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Author Topic: US Economics, the stock market , and other investment/savings strategies  (Read 43436 times)
Crafty_Dog
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« Reply #800 on: April 15, 2014, 06:13:11 PM »

http://www.ftportfolios.com/Commentary/EconomicResearch/2014/4/15/the-plow-horse-gets-de-iced
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Crafty_Dog
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« Reply #801 on: April 16, 2014, 11:44:22 AM »

Industrial Production Increased 0.7% in March To view this article, Click Here
Brian S. Wesbury - Chief Economist
Bob Stein, CFA - Deputy Chief Economist
Date: 4/16/2014

Industrial production increased 0.7% in March (+1.2% including revisions to prior months) beating the consensus expected gain of 0.5%. Production is up 3.7% in the past year.

Manufacturing, which excludes mining/utilities, increased 0.6% in March (+1.1% with revisions to prior months). Auto production declined 0.8% in March while non-auto manufacturing increased 0.6%. Auto production is up 5.4% versus a year ago while non-auto manufacturing is up 2.7%.

The production of high-tech equipment rose 0.7% in March and is up 8.3% versus a year ago.

Overall capacity utilization increased to 79.2% in March from 78.8% in February. Manufacturing capacity rose to 76.7% in March.

Implications: Another very solid report from the industrial sector as the Plow Horse continues to thaw. Overall industrial output rose 0.7%, and was up a robust 1.2% with revisions to prior months. Earlier this winter, harsher than normal weather wreaked havoc on the economy slowing production, but that looks to now be over, and a positive payback has ensued. Over the past two months, industrial production has increased at an 11.8% annual rate. Manufacturing which excludes mining and utilities, rose 0.6% in March and was up 1.1% with revisions to prior months, up 12.4% at an annual rate over the past two months. Expect more healthy gains in the next couple of months as weather patterns continue to normalize. Overall production is up a respectable 3.7% from a year ago. We expect continued gains in production as the housing recovery is still young and both businesses and consumers are in a financial position to ramp up investment and the consumption of big-ticket items, like appliances. In particular, note that the output of high-tech equipment is up 8.3% from a year ago, signaling companies’ willingness to upgrade aging equipment from prior years. More big news from today’s report was that capacity utilization was 79.2% in March, above the average of 78.9% over the past twenty years, and the highest level since June 2008. Further gains in production in the year ahead will continue to push capacity use higher, which means companies will have an increasing incentive to build out plants and equipment. Meanwhile, corporate profits and cash on the balance sheet are at record highs, showing that companies have the ability to make these investments.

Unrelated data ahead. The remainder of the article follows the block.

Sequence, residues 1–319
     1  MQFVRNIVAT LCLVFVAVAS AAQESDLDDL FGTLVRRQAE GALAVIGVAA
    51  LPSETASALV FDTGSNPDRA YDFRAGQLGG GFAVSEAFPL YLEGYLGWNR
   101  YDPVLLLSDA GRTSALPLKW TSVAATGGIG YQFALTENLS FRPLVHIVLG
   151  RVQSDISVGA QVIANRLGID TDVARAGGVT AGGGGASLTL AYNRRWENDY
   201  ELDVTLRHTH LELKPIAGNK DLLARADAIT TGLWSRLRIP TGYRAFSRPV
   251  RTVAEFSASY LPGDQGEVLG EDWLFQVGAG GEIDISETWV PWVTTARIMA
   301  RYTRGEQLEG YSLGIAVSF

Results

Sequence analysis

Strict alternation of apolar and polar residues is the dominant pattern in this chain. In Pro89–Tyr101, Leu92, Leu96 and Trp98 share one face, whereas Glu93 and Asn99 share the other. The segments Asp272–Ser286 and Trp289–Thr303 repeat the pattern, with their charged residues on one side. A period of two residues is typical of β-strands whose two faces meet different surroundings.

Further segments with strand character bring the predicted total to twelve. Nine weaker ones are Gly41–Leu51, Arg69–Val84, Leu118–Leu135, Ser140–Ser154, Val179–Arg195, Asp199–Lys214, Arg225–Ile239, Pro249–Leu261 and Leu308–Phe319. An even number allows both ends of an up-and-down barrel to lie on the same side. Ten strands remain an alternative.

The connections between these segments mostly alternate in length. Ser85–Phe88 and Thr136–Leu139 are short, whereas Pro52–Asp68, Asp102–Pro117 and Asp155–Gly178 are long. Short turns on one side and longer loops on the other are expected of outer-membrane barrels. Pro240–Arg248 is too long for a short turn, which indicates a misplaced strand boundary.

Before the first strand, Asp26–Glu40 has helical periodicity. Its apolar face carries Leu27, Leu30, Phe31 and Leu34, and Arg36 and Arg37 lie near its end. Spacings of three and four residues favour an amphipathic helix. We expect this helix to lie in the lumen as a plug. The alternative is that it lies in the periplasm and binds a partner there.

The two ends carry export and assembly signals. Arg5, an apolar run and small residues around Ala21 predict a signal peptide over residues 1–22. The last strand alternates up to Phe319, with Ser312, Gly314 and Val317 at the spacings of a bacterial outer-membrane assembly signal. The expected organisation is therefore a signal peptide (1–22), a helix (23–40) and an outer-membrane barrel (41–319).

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Crafty_Dog
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« Reply #802 on: April 21, 2014, 07:01:38 AM »



http://online.wsj.com/news/articles/SB10001424052702304688104579467823517834980?mod=WSJ_hpp_MIDDLENexttoWhatsNewsThird&mg=reno64-wsj
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Crafty_Dog
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« Reply #803 on: April 23, 2014, 07:04:39 PM »

Over the past five years, the pouting pundits of pessimism have focused on countless issues that would bring the economy down. Any growth, they argue, is the result of a Fed induced sugar high.

We don’t buy it.

Through it all, the plow horse keeps plodding ahead. The fundamental growth factors are still in place and, as the Fed tapers, banks are starting to pick up lending. We see upside surprise potential.